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Cryptopia Heads to the Crypt

by Matthew Harris
, Cryptopia Heads to the Crypt

It was arguably all but written in stone months ago, especially after the crippling mid-January hack, but Cryptopia has officially gone into the great crypto beyond. Announced Tuesday evening on their official Twitter feed and then posting a news release on their website Wednesday morning, Cryptopia revealed that they had appointed Grant Thornton New Zealand’s Russell Moore and David Ruscoe as liquidators.

Rumblings about the fate of the exchange began just before the official tweet as people noticed the website was inaccessible and trading appeared to have been halted. The press release is short and not-so-sweet and directs additional enquiries to a liquidation email address, but states that the move came about “despite the efforts of management to reduce cost and return the business to profitability.”

David Ruscoe was quoted in the Grant Thornton press release as saying that they “realize Cryptopia’s customers will want to have this matter resolved as soon as possible.” He went on to say that they would be working with various stakeholders throughout the investigation and liquidation in order to “find the solution that is in the best interests of customers and stakeholders.” Additionally, The liquidators will be working with authorities and independent experts to deal with Cryptopia’s obligations.

The January attack, estimated to have resulted in the loss of as much as $16 million with of Ether and ERC-20 tokens, caused the company to go offline for several days before finally admitting that they’d “suffered a security breach which resulted in significant losses.”

The press release did call out the breach as having a “severe” impact on the company and despite management’s efforts to right the ship, liquidation was the “best path forward” at this point for stakeholders.

While this may be the beginning of the end for Cryptopia, it may also mark the start of extended legal trouble for the exchange. Upon the announcement on Twitter, there were quite a few comments from individuals claiming to be customers and complaining of being unable to withdraw funds since the January attack, with many inviting creditors to unite for legal action.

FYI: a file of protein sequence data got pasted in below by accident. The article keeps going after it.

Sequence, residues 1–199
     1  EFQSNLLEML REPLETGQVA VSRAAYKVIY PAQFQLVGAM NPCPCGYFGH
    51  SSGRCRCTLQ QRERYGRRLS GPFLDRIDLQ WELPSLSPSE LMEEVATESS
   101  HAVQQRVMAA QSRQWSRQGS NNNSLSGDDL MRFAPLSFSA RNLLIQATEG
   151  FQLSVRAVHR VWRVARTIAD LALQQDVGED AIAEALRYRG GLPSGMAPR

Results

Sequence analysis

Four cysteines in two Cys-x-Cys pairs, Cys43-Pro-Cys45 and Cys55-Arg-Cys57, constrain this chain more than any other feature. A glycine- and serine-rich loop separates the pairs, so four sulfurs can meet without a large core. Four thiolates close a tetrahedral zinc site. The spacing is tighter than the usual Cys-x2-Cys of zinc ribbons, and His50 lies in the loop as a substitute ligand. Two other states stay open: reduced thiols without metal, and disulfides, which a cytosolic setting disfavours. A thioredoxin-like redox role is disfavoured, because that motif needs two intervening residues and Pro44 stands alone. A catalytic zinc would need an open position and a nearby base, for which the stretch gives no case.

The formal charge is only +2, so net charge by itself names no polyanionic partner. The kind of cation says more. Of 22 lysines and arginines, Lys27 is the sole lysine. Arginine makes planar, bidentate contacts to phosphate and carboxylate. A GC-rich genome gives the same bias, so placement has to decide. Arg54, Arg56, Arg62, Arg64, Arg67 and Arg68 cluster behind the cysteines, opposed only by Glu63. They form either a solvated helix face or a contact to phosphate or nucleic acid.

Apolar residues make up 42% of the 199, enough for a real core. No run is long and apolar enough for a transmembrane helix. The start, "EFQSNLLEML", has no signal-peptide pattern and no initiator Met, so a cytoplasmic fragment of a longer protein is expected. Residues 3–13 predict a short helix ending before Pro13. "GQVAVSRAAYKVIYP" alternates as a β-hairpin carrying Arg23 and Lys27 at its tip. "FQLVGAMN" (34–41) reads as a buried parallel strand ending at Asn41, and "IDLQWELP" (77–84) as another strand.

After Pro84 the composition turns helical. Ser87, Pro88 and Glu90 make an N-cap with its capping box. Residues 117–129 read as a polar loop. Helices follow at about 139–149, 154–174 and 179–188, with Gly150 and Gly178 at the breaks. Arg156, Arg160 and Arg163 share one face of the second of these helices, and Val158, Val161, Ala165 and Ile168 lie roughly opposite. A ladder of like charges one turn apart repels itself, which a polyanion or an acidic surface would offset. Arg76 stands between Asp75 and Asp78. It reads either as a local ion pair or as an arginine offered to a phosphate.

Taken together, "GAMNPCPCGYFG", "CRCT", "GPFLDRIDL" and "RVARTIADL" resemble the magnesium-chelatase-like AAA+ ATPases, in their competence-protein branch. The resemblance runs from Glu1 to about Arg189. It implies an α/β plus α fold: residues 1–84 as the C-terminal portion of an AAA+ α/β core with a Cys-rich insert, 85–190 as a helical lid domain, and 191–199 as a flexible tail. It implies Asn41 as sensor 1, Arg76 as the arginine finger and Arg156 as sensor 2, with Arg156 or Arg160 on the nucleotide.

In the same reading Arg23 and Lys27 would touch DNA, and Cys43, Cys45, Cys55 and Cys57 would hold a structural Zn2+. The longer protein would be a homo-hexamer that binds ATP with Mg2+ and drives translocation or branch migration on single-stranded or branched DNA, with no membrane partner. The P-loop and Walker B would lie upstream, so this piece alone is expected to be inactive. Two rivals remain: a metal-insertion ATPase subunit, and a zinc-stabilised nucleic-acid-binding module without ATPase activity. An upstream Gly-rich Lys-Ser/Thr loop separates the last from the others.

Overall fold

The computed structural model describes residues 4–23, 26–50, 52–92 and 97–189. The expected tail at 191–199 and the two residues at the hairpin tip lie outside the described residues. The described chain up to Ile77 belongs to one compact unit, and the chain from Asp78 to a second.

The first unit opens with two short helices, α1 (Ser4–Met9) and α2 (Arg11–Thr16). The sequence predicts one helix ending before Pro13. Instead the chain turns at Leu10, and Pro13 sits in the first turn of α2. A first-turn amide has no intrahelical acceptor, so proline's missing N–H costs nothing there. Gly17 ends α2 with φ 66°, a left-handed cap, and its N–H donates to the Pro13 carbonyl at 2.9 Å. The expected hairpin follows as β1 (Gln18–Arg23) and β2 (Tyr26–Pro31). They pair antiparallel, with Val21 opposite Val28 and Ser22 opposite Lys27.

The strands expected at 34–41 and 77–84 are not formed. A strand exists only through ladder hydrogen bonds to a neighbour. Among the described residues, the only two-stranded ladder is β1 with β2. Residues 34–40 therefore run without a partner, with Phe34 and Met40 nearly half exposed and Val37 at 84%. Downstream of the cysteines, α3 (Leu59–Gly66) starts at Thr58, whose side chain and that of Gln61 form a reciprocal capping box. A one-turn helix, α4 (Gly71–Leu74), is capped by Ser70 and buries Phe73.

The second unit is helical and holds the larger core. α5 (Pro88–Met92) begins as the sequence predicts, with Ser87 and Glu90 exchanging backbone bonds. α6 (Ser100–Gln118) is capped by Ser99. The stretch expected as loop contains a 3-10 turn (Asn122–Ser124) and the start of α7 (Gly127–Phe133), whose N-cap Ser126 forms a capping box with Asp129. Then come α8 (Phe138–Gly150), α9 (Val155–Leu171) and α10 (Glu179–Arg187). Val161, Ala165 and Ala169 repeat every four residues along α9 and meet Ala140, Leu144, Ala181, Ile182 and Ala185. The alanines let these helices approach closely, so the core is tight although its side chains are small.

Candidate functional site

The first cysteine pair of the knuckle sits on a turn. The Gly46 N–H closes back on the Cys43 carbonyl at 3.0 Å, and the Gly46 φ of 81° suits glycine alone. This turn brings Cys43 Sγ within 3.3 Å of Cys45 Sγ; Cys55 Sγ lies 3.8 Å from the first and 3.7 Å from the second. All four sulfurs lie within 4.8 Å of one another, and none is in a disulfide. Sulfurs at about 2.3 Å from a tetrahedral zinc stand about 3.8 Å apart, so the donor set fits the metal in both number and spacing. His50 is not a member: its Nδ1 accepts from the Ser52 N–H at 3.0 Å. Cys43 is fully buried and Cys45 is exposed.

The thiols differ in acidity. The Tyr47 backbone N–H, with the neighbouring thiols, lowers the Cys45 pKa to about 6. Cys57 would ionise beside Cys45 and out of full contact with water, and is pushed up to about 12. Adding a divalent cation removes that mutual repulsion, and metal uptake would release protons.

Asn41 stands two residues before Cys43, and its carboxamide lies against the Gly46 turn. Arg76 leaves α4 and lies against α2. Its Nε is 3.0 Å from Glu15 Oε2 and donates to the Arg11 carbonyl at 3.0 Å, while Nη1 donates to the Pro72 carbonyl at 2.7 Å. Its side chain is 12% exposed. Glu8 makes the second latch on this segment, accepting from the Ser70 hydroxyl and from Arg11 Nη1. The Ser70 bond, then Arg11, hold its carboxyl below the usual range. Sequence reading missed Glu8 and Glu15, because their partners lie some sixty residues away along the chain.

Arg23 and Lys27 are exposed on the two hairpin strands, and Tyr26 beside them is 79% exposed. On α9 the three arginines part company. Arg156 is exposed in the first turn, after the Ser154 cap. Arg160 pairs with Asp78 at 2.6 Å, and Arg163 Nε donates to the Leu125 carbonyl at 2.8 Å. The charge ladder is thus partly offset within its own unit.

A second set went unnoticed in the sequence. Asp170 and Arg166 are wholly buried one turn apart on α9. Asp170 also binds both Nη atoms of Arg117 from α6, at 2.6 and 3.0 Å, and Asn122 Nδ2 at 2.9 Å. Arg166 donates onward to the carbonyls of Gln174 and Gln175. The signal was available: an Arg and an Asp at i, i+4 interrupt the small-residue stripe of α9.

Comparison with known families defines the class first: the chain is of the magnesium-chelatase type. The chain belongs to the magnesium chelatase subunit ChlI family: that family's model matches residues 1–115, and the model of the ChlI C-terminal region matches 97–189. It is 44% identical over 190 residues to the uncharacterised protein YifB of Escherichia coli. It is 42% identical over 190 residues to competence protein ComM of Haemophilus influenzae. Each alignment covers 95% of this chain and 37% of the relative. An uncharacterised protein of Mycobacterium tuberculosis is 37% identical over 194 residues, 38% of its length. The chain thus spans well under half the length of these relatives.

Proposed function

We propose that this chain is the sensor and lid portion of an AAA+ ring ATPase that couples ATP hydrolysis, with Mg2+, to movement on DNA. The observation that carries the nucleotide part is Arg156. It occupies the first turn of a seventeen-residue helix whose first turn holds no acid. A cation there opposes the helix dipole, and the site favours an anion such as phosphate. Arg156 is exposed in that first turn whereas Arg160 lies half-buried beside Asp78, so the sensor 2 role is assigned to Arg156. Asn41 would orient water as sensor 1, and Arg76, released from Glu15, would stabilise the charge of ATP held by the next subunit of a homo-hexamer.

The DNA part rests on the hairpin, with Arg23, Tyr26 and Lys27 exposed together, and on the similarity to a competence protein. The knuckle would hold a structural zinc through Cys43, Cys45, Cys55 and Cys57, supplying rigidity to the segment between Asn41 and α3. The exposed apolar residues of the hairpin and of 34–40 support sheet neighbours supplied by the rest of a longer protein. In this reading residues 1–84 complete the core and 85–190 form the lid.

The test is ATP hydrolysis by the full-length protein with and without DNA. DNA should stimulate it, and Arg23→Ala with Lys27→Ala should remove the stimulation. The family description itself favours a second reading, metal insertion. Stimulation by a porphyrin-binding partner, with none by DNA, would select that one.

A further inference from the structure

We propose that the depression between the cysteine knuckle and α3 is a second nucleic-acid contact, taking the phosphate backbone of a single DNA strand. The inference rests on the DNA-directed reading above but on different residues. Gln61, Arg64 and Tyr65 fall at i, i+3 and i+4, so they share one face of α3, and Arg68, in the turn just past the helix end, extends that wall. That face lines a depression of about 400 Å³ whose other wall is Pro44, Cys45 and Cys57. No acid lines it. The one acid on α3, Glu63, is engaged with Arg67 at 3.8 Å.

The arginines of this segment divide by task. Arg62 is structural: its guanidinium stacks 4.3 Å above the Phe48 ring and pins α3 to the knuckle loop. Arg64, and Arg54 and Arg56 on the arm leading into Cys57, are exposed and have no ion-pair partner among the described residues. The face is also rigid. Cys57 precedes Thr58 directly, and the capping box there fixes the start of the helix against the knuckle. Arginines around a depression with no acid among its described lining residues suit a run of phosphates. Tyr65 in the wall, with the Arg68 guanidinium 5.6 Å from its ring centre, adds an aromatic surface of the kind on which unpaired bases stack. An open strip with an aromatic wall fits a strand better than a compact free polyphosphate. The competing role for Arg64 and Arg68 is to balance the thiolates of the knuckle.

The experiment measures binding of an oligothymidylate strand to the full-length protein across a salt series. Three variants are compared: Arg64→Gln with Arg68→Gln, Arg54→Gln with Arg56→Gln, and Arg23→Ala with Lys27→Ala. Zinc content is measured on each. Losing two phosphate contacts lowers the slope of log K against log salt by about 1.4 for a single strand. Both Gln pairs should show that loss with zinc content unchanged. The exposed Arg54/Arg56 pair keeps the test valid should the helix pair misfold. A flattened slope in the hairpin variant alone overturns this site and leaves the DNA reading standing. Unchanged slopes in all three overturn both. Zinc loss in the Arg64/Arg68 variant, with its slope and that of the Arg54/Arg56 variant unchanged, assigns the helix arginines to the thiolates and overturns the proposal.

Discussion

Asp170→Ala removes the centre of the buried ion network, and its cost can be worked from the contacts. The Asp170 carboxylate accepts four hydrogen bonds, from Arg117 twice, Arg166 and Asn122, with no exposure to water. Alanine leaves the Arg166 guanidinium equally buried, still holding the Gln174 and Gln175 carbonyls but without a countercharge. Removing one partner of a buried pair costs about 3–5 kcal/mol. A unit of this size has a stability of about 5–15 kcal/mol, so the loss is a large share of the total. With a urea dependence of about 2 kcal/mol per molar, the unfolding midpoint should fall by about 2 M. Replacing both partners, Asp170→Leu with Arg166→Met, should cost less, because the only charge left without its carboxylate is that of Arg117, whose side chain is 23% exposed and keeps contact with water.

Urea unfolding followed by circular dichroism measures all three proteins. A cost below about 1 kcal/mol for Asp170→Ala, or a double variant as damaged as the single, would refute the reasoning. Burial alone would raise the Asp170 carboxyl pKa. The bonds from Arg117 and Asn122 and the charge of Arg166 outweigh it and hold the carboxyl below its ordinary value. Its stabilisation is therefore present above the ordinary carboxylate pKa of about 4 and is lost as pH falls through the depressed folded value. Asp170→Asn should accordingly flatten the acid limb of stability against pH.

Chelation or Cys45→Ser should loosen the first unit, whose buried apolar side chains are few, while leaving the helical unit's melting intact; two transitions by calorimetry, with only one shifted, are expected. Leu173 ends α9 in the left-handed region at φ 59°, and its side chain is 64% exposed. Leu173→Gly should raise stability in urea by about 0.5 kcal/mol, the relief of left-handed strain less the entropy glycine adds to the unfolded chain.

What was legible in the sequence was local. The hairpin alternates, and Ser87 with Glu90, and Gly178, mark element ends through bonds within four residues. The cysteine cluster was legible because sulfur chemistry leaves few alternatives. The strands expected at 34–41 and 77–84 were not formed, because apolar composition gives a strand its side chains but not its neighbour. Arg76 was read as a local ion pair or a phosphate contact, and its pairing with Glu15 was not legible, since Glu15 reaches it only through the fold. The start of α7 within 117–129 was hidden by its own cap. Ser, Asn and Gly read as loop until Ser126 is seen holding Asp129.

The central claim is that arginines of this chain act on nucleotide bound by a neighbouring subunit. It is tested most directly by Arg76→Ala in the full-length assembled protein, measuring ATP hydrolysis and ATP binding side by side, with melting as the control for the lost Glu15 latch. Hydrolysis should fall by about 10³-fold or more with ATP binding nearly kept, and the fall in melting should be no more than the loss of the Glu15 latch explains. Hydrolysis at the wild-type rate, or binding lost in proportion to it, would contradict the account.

There is supposed to be an initial report filed next week by Grant Thornton, so we may get a better idea of their plans for the liquidation at that time, but right now it’s definitely understandable that Cryptopia’s users are pissed.

The majority of cryptocurrency users know, or at least should know, that there are always individuals, groups, and even organizations that spend a ginormous amount of time attempting to hack, crack, phish, or otherwise break their way into wallets and exchanges. However, when the breach is through no damn fault of their own and blame clearly resides on the side of the provider, they rightfully expect to be able to withdraw their investments.

While I’m not saying that Cryptopia acted in bad faith after the January loss, the big picture view at this point certainly doesn’t look very promising. Issues like this are exactly why so many in the main stream are reluctant to adopt cryptocurrency and blockchain technology as a whole.

The image of a “lawless” world where people sell illegal drugs, hackers target everyone, scam ICOs rip off the public, and even some established companies that can’t be trusted are all large hurdles that the industry has to shed. Decentralized systems, blockchain, and distributed ledgers could well be the heroic three musketeers for so many industries that it’s imperative that the “bad apples” get weeded out quickly and efficiently.

But the question is… how?

Is regulation the answer?

Should only established organizations with verifiable financial backing be allowed to provide services?

I don’t have the answers and it’s unlikely that anyone has the definitive Rosetta Stone at this point, but it’s becoming more and more obvious that something needs to change. Crypto users and the industry are just now starting to get past the long “nuclear winter” with the price of Bitcoin and many altcoins finally enjoying a favorable ride upwards in price, and fiascos like this one need to be a thing of the past.

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